A few years ago, George Hunter had a conversation with a Byounghoon Kang, a Methodist pastor from South Korea, wherein he asked Dr. Kang what he thought about Methodism in America. Kang’s reply was surprising: “From what I could tell, Methodism does not really exist in America.” He continued, remarking that “your Methodist churches do not have class meetings, your people do not minister to each other through class meetings . . . In my church, and in most of our churches,” he reported, “all of our people meet in class meetings. Our members’ involvement in class meetings is even more important than their involvement in Sunday worship. Can there be real Methodism without class meetings?” (George Hunter III, The Recovery of a Contagious Methodist Movement [Nashville, TN: Abingdon Press, 2011], 15.)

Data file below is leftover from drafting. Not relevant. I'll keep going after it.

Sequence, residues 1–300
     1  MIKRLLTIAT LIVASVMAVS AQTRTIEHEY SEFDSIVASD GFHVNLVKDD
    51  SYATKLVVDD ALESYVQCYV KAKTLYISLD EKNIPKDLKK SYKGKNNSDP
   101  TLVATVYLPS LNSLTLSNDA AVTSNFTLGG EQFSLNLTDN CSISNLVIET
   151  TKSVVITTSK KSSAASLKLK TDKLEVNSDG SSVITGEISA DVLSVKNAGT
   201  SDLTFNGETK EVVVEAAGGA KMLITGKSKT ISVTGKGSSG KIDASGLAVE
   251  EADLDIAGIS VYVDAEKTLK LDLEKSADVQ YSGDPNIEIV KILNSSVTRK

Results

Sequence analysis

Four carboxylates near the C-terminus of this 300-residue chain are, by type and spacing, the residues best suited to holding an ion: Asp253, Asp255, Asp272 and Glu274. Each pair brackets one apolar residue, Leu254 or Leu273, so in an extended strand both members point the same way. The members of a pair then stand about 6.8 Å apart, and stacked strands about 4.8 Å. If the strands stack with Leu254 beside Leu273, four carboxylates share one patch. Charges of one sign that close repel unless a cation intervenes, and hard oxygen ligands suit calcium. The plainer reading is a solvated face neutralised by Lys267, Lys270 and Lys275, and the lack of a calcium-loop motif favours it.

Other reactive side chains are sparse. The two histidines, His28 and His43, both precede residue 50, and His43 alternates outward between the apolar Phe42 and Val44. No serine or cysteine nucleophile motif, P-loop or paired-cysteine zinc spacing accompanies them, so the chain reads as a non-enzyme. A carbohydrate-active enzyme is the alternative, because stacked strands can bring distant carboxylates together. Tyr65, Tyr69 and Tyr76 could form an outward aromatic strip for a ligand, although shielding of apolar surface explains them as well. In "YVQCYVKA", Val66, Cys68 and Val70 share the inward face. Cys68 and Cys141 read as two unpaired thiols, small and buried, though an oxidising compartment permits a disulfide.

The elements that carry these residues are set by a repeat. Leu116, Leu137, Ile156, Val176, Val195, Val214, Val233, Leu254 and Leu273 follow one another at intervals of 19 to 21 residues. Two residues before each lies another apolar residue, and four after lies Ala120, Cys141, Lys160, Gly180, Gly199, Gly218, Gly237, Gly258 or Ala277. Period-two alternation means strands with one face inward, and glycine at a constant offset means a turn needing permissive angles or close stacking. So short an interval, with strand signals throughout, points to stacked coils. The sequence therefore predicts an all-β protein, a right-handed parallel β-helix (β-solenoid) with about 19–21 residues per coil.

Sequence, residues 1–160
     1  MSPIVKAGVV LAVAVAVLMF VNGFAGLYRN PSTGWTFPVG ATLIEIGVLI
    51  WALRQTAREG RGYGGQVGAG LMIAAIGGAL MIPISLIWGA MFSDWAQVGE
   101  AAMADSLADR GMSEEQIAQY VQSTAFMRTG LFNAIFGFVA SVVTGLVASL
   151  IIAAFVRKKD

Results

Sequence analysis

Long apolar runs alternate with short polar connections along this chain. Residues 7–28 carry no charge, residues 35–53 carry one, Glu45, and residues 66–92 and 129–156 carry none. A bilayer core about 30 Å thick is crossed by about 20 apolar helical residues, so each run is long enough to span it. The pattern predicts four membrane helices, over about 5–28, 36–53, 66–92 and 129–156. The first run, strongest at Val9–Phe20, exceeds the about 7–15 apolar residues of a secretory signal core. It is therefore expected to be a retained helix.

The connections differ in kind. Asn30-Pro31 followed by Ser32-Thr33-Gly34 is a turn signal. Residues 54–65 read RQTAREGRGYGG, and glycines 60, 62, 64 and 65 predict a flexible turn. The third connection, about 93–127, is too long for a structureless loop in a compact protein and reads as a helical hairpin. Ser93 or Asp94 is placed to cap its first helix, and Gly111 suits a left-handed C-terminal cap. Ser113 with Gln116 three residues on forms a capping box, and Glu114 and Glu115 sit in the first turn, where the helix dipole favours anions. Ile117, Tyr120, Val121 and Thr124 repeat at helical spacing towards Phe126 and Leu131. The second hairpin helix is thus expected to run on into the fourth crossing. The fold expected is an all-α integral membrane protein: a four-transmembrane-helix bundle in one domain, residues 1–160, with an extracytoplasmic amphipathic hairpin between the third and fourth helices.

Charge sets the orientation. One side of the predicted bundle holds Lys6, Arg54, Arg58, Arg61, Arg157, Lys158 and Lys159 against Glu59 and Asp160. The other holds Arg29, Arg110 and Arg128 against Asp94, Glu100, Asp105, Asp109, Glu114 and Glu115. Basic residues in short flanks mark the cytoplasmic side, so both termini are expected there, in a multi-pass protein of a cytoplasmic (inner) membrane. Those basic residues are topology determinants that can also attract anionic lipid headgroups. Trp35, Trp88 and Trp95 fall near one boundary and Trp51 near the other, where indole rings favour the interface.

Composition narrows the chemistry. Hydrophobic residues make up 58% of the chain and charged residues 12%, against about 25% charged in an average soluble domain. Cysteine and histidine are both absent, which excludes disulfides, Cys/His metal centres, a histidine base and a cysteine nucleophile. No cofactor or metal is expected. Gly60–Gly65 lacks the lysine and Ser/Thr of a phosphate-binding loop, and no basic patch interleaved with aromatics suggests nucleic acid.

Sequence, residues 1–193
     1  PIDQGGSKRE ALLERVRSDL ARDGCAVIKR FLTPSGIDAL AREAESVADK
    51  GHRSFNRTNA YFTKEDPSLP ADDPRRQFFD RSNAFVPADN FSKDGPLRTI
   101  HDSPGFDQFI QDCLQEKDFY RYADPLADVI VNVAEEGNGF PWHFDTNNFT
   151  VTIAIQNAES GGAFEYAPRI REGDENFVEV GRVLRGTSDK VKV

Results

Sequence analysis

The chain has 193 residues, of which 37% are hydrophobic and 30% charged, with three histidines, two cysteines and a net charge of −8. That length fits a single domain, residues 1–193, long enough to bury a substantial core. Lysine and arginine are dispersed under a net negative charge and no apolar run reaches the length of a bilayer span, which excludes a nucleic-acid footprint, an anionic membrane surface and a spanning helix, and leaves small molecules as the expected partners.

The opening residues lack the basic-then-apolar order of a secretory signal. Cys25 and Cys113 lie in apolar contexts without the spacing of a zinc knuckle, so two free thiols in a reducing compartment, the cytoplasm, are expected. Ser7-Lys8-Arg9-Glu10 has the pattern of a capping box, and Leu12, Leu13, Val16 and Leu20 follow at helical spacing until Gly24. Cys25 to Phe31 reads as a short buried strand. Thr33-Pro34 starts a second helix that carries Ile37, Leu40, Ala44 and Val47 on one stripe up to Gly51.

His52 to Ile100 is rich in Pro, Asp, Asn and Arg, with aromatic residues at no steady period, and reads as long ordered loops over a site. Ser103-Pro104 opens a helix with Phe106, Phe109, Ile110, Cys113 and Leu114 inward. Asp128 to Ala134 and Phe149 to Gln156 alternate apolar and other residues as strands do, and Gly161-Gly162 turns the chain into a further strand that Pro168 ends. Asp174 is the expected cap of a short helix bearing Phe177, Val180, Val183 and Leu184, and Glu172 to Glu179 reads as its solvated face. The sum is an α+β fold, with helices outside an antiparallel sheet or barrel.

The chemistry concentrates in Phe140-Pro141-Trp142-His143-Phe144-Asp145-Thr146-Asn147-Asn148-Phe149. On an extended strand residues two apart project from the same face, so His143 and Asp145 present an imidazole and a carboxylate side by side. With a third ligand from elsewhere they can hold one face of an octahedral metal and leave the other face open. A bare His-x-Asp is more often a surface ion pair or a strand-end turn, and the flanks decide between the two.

While this is certainly a worthwhile question for Wesleyans and Methodists to consider, let me reframe Dr. Kang’s question in broader terms that every Christian should consider: Can there be real Christianity without discipleship in community? Along with Wesley, I would argue that the answer is no.
Robby Gallaty is a pastor who has reappropriated Wesley’s model for the contemporary church. In his book Rediscovering Discipleship: Making Jesus’ Final Words our First Work, Robby shares how he is using the Wesleyan model to help train hundreds of leaders around the United States. Gallaty writes: